Minister for Education and Skills Richard Bruton, has announced that the Minister’s powers will expand to allow him to appoint investigators to look into issues of concern in higher education institutions.
This announcement follows revelations of financial mismanagement and issues of poor governance in a number of universities. Both the Higher Education Authority (HEA) and the Public Accounts Committee (PAC) have called for more power and resources to be granted to the Minister to examine these issues.
In order to examine the affairs of a university, the Department of Education and Skills must currently gain the permission of the university in question to examine their affairs. If permission is not granted, the Minister has the power to appoint an investigator to look into the affairs of the university, but this requires permission from the High Court. This path can only be undertaken if there was evidence of egregious breaches of governance.
Following the expansion of the Minister’s powers, the Minister for Education and Skills can now appoint an independent investigator to examine the affairs of universities and Institutes of technology.
The Minister made the announcement of RTÉ’s Morning Ireland. On the RTÉ radio programme he stated that he felt this change would grant the government “all the powers we need” to ensure that universities were handling their funds appropriately, and would ensure that government structures and the powers of the HEA would be “fit for purpose”.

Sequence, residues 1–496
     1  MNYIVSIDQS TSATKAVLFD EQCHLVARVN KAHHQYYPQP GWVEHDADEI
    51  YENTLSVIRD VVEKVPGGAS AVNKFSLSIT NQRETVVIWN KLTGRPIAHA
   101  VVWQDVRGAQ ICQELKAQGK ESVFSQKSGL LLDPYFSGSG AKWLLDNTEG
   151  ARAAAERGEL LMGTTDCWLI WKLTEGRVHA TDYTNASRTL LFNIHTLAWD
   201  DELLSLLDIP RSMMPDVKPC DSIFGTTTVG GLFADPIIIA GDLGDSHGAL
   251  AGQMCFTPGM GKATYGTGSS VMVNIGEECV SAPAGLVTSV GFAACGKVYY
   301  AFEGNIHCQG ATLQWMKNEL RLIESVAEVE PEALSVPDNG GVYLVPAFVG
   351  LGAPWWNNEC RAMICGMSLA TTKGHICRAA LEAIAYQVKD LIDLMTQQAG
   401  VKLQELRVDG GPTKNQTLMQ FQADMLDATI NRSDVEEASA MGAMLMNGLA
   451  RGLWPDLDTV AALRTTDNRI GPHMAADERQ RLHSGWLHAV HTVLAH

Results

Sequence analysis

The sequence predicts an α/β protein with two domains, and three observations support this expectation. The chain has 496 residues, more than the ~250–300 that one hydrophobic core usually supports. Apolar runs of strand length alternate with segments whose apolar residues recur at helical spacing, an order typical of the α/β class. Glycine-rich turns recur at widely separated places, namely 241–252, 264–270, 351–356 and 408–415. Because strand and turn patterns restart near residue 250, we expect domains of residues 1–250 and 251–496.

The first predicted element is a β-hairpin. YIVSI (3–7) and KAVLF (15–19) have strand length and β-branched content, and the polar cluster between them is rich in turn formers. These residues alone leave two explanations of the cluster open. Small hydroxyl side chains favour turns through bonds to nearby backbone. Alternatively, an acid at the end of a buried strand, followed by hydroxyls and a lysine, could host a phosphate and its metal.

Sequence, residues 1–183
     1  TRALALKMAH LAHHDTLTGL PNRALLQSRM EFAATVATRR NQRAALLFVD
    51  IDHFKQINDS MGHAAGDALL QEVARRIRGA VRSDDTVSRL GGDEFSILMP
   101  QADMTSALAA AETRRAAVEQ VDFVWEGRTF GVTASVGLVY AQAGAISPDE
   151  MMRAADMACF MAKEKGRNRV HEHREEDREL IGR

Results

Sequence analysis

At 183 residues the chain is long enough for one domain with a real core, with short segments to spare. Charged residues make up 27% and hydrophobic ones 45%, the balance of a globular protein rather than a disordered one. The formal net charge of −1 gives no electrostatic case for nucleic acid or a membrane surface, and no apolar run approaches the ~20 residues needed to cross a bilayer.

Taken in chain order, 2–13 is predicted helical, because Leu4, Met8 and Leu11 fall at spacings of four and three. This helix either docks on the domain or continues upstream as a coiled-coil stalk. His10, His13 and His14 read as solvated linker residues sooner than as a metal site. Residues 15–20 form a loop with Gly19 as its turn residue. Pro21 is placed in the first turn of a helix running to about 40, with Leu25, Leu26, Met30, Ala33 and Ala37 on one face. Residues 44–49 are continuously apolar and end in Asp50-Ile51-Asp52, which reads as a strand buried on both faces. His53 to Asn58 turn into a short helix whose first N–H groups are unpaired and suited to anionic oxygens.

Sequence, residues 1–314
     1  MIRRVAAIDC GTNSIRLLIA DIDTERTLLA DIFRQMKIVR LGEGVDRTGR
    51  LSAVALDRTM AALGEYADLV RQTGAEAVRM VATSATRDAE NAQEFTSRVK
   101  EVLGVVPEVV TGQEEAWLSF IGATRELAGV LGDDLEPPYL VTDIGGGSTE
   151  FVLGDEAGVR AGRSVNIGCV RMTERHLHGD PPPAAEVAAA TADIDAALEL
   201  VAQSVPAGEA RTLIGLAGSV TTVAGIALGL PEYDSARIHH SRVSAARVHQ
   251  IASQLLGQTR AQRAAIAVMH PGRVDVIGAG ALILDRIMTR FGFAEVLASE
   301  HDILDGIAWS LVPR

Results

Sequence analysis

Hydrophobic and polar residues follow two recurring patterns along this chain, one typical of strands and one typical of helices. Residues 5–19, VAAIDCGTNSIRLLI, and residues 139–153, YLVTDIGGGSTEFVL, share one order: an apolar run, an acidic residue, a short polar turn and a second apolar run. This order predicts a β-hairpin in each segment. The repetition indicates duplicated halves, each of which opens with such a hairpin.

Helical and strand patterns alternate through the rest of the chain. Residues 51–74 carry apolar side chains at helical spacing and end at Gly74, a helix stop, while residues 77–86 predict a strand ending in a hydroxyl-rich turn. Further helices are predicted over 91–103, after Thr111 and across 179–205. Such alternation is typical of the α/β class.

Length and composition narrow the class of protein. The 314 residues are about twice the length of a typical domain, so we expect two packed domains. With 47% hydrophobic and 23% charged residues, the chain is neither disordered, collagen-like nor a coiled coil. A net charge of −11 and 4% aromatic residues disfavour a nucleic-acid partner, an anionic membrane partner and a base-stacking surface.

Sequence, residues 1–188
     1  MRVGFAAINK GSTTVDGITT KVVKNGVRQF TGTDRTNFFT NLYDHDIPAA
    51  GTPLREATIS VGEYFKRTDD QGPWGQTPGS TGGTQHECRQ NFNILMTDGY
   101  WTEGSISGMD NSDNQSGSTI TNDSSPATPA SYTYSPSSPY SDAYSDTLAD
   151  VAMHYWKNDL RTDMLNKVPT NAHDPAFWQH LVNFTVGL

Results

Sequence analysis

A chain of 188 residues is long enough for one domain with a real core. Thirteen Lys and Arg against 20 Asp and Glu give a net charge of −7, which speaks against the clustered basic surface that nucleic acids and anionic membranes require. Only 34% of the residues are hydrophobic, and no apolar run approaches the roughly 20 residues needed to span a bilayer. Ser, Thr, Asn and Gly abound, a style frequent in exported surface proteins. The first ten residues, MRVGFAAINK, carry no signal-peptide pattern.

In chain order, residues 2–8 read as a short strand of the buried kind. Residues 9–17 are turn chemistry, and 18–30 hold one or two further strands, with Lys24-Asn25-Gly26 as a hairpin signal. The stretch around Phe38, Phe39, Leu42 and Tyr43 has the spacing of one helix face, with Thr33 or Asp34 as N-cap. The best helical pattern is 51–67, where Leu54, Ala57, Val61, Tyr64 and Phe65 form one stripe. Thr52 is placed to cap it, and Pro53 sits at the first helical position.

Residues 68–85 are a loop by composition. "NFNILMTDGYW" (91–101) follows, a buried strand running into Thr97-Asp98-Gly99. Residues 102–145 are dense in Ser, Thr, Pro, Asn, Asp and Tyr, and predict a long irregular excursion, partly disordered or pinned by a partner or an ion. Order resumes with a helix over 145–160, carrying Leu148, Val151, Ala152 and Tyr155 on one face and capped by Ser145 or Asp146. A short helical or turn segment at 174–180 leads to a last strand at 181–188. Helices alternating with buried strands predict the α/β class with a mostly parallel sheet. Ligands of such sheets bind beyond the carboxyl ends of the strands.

He said: “We value the autonomy of Institutes of Technology and universities and in the past the Dáil has fought very strongly to protect that autonomy”. He stated that he wished to maintain this autonomy, but said that a balance must be struck between maintaining university’s autonomy and having some government oversight.
A report published by the Public Accounts Committee (PAC), which criticised issues of financial mismanagement in universities, called for more power and resources to be granted to the Minister to look into these issues.
Concerns over University of Limerick’s financial practises were first raised in 2012 by three staff members of the university. Since then, a number of issues surrounding the management of the university’s funds have emerged, including inappropriate expenses paid to staff members. For example, the university issued authorised and inappropriate severance packages to senior staff members totaling €600,000, paid €15,000 to a staff member and his wife while they were away in Sydney, and spent €42,000 on customised silver medallions for senior staff.
A recent audit of universities found that a number of universities failed to declare tens of millions of euro in private trusts and failed to comply with with procedural rules. A range of governance issues were also found across Irish universities, including inappropriate payments made to staff in the national University of Galway (NUIG). No issues with the governance of Trinity were found.